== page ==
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Nearly all nursing homes employ convicted criminals
More than 90 percent of nursing homes employ at least one person with at least one criminal conviction, and nearly half of facilities have five people on staff with a criminal conviction, according to a report by the federal Health and Human Services Inspector General.
Among those convicted, about 44 percent of employees were found guilty of property crimes such as burglary, shoplifting or writing bad checks. The workers most likely to have convictions were housekeeping, nursing assistant and dietary workers, according to the report [PDF], which was released last week.The report also found:
Report authors say the federal health reform law aims to address the problem of unfit caregivers by creating a national criminal background check database.
Still, the fitness of care workers in homes, nursing homes and small residential facilities has been a hot topic in California.
Last year, the state Senate Office of Oversight and Outcomes issued a report [PDF] showing that about 20 workers barred from caring for seniors in nursing homes turned up caring for seniors at other types of elder care facilities in California.
Report author John Hill found that one care worker pleaded guilty to a crime related to concealing the fact that she caused an elderly woman to fall and break her hip. That worker was barred from working in nursing homes, but soon ended up in a residential care facility for the elderly, or RCFE.
Hill's report found that a 2006 law required the Department of Social Services, which oversees RCFE facilities, to create a database of workers who were sanctioned for lapses in care. However:
Four years later, the database does not exist. The Department of Social Services decided in the 2007-08 fiscal year that it would not seek money to comply with the new law, which was contingent on a budget allocation. In later years, as the state's budget deteriorated, Social Services did not consider seeking money for the centralized database, estimated to cost "in excess of $500,000." Nor did it inform the Legislature that the database would not be built, deciding on its own that the state's cash crunch would mean shelving the project while it pursued less costly steps.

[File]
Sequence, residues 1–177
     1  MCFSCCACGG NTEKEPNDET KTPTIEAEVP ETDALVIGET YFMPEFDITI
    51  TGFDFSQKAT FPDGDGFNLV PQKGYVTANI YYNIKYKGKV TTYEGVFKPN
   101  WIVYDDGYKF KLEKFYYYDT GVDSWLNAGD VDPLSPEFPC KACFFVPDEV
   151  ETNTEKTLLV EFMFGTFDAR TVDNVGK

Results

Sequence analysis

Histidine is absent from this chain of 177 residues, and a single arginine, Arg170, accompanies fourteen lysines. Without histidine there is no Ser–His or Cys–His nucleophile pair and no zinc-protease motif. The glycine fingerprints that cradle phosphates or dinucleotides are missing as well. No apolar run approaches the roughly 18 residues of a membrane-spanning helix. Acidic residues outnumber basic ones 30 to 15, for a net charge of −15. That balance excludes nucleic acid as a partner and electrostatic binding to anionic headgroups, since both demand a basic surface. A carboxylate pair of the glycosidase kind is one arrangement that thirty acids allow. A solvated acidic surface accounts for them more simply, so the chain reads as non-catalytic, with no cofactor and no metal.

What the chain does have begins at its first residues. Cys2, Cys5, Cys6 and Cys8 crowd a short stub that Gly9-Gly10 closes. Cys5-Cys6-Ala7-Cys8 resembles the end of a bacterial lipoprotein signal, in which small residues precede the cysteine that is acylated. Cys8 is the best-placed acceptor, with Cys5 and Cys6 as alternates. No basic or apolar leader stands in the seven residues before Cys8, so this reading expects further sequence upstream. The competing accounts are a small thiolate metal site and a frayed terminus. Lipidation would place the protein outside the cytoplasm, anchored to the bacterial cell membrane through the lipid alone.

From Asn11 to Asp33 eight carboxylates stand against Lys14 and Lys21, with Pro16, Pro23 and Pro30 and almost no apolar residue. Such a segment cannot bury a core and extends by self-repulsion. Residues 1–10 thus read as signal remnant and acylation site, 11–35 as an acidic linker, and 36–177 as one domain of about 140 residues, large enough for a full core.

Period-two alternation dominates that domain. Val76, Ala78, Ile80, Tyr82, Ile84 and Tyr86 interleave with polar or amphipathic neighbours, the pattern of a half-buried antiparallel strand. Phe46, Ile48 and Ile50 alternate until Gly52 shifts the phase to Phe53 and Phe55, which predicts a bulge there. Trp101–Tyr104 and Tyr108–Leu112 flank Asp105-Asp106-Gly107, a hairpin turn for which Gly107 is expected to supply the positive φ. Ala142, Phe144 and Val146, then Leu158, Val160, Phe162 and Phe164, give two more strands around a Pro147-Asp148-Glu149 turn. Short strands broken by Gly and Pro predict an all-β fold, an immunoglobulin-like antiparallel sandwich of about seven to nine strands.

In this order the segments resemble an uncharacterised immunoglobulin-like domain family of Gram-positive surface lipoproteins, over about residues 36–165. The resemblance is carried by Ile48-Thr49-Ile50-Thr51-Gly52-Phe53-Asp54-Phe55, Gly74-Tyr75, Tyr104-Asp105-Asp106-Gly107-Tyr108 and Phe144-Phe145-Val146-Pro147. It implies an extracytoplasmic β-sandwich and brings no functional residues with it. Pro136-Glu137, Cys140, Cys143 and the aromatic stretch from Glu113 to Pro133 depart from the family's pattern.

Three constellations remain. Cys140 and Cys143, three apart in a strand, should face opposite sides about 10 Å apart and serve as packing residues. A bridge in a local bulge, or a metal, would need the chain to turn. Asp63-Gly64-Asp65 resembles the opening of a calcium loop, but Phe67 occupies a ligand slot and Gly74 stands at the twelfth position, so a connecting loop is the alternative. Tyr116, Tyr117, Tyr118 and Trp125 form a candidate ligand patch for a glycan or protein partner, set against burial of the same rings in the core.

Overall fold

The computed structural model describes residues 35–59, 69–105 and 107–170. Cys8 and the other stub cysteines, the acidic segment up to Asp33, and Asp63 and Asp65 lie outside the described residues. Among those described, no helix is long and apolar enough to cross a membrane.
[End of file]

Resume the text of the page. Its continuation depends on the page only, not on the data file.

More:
The report also found that one person was allowed to operate an RCFE even after "a criminal conviction for battery and other misconduct that led Public Health to conclude that he 'may pose a potential risk to the health, safety and welfare of residents.'"
Patricia McGinnis, executive director of California Advocates for Nursing Home Reform, said it's problematic that there is very little public reporting of criminal history or discipline actions against nursing assistants, workers who perform the bulk of nursing home work.
While the Medical Board of California lists disciplinary actions against doctors and arrest records on a public website, no such resource exists for nursing assistants, whose licenses are granted by the Department of Public Health.
"It's always been a problem in that you just don't know," McGinnis said. "There's a lot of abuse in nursing homes, but we never know if these people have criminal backgrounds."
Following the issuance of the report, Sen. Elaine Alquist, D-San Jose, carried a bill that would have prevented anyone convicted of murder, kidnapping or several other crimes from operating a residential care facility for the elderly. The bill, while seemingly uncontroversial, carried a price tag for the stepped-up checks and died in committee.
California law lists the specific convictions that disqualify people from working in or operating a nursing home, and health professional licensing boards have their own requirements.
The topic of unfit caregivers has also been controversial in the In-Home Support Services program. The Los Angeles Times reported last year that people convicted of murder, rape and elder abuse served as caregivers under that program.
Former Gov. Arnold Schwarzenegger moved to ban felons from working in the program. However, a group of care workers and patients sued to block the move. Ultimately an Alameda County Superior Court judge sided with the plaintiffs, some of whom were care workers with decades-old convictions, including one for marijuana possession in the 1970s.